Indian Government bill aims to build pool of DNA samples of ‘offenders’; experts fear possible misuse

by jeeg 1. October 2012 21:48

The government plans to introduce a bill in Parliament that aims to create a pool of “DNA profiles” of “offenders” as part of efforts to make crime detection more effective in the country. However, many experts warn of likely misuse of such sweeping powers.


The proposed DNA Profiling Bill – first mooted by lawmakers in 2007 – will give the Centre powers to collect DNA samples of everybody involved in all civil and criminal cases, including suspects. The bill will also cover people who undergo abortion, fight paternity suits and receive or donate organs.

The DNA profile of an individual will be deleted if that person were to be acquitted after the trial.

DNA profiling or testing is considered the best method to identify a person. DNA is a hereditary material unique to each individual and recording this genetic code aids in easy detection of a person’s identity. Besides, since an individual gets 50% of one’s DNA from each of one’s parents, this code can be used to identify parents, siblings and relatives of an individual. An individual’s DNA can be collected from body fluids, hair or even from a wine glass or spoon he or she just used.

The bill, which has been circulated to all Union ministries for their feedback and comments, says an individual punished by the court can demand DNA testing to prove his innocence.

GeneWatch UK, a not-for-profit group, had said in a report that using DNA to “trace people who are suspected of committing a crime has been a major advance in policing”.

Adds the report: “When DNA profiling is used wisely, it can help convict people who have committed serious crimes or exonerate people who are innocent. However, concerns arise when individuals’ tissue samples, computerised DNA profiles and personal data are stored indefinitely on a DNA database. There are concerns that this information could be used in ways that threaten people’s individual privacy and rights and that of their families,” the report said.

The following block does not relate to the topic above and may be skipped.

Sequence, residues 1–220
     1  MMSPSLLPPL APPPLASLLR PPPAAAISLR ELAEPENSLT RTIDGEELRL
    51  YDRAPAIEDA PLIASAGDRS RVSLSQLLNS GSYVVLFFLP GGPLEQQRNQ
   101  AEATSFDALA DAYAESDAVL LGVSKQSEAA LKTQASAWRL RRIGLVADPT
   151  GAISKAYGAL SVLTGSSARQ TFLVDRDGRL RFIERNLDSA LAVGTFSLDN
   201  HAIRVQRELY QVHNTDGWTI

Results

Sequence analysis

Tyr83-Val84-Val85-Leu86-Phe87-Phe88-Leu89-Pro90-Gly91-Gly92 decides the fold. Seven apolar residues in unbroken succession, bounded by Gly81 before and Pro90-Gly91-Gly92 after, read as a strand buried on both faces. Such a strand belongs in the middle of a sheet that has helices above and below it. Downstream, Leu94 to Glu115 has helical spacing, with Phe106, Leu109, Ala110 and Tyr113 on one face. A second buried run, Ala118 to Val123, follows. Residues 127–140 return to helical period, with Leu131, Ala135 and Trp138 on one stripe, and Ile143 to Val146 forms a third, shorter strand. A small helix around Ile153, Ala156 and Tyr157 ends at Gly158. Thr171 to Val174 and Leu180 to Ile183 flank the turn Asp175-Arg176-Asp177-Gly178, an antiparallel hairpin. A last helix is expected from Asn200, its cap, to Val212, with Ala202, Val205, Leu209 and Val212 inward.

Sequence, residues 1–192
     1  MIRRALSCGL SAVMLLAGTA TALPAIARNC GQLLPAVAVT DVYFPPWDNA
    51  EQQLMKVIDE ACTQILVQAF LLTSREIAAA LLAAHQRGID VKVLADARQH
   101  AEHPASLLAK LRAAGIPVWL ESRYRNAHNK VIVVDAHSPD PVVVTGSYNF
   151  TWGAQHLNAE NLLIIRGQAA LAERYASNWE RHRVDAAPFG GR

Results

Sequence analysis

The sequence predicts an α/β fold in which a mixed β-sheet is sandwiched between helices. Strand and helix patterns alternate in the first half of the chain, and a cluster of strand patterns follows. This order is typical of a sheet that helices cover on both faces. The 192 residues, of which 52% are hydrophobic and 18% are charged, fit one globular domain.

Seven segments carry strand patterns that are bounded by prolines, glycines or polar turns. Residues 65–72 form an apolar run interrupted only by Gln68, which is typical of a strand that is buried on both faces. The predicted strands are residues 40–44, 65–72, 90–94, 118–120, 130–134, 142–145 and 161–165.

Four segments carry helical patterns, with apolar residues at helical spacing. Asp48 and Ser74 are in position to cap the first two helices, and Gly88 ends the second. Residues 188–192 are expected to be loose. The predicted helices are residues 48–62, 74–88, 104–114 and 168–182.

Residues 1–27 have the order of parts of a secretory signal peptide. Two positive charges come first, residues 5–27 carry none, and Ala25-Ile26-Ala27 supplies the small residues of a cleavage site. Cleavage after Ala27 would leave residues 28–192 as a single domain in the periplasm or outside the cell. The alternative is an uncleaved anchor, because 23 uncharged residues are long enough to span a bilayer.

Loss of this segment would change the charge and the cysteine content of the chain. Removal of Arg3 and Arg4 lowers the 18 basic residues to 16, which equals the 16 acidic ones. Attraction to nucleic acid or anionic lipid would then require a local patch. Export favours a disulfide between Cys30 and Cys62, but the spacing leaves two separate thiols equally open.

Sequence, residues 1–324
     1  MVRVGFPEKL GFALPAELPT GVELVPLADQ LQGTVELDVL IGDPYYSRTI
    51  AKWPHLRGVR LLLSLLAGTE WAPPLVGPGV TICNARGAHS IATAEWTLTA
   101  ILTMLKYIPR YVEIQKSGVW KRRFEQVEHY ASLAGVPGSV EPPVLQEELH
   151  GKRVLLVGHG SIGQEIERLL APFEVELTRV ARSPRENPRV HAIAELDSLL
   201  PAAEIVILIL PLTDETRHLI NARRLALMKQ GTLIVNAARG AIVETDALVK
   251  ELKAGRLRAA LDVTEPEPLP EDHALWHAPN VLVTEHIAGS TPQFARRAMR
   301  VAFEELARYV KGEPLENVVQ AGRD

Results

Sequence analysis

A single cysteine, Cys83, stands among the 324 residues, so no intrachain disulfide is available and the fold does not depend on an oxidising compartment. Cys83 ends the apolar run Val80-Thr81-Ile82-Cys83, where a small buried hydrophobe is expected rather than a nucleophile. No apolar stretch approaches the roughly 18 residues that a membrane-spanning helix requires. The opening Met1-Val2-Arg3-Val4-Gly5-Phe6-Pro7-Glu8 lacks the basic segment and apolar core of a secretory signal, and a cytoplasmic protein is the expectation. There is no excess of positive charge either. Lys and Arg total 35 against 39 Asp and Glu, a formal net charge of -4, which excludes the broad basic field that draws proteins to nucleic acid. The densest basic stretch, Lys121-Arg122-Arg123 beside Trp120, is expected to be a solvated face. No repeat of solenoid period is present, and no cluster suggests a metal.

According to the DNA Profiling Bill, the penalties for misuse of data collected by official agencies include imprisonment of up to three years and a fine of up to 10,000.

The Centre expects to use the “DNA database” for crime detection, in judicial proceedings for admissibility of evidence and for facilitating decisions in cases.

Concerns Over Individual Privacy

Interestingly, the Bill also adds that “the data will be used for creation of population statistics for the purpose of identification, research, protocol development or quality control…”

While the government is excited about the prospects of collecting such data, several social activists and NGOs warn the bill in its current form threatens individual privacy and rights.

The US-based Council for Responsible Genetics points out that the bill defines the crucial term “suspect as anyone suspected of having committed an offence”. It has also highlighted that the crimes for which DNA can be collected range from “rape to offences relating to dowry, defamation, and unnatural offences”.

“Taken together, the government is empowered to conduct genetic testing on almost anyone in any way connected with even minor infractions of the criminal law,” the Council for Responsible Genetics said.

The organisation has also warned that India’s DNA Profiling Bill gives the police direct access to all the information contained in the national DNA database.

“While administratively expedient, this arrangement opens up the possibility for misuse. A more prudent system would place the Board (or some administrative subordinate portion thereof) between the police and the content of the DNA database, with the latter having to make specific and particular requests to the former,” it added, emphasising that the provision in the bill that permits the “data bank manager” to grant access to the database to “any person or class of persons which he/she considers appropriate” is violative of all norms.

“This is a sweeping provision. It vests in one individual the ability to permit almost anyone access to the DNA database-without administrative review or oversight of any kind. Taken together with the general lack of administrative safeguards in the bill, this places the government’s interest in investigating crime far above individual privacy rights,” the Council for Responsible Genetics said in a note circulated on Thursday.

For its part, the UK’s GeneWatch said the proposed bill is ambiguous “on when DNA is going to be collected or what proportion of the Indian population is likely to end up on the DNA database”.

Joji Thomas Philip, Economic Times of India


Comments are closed
Log in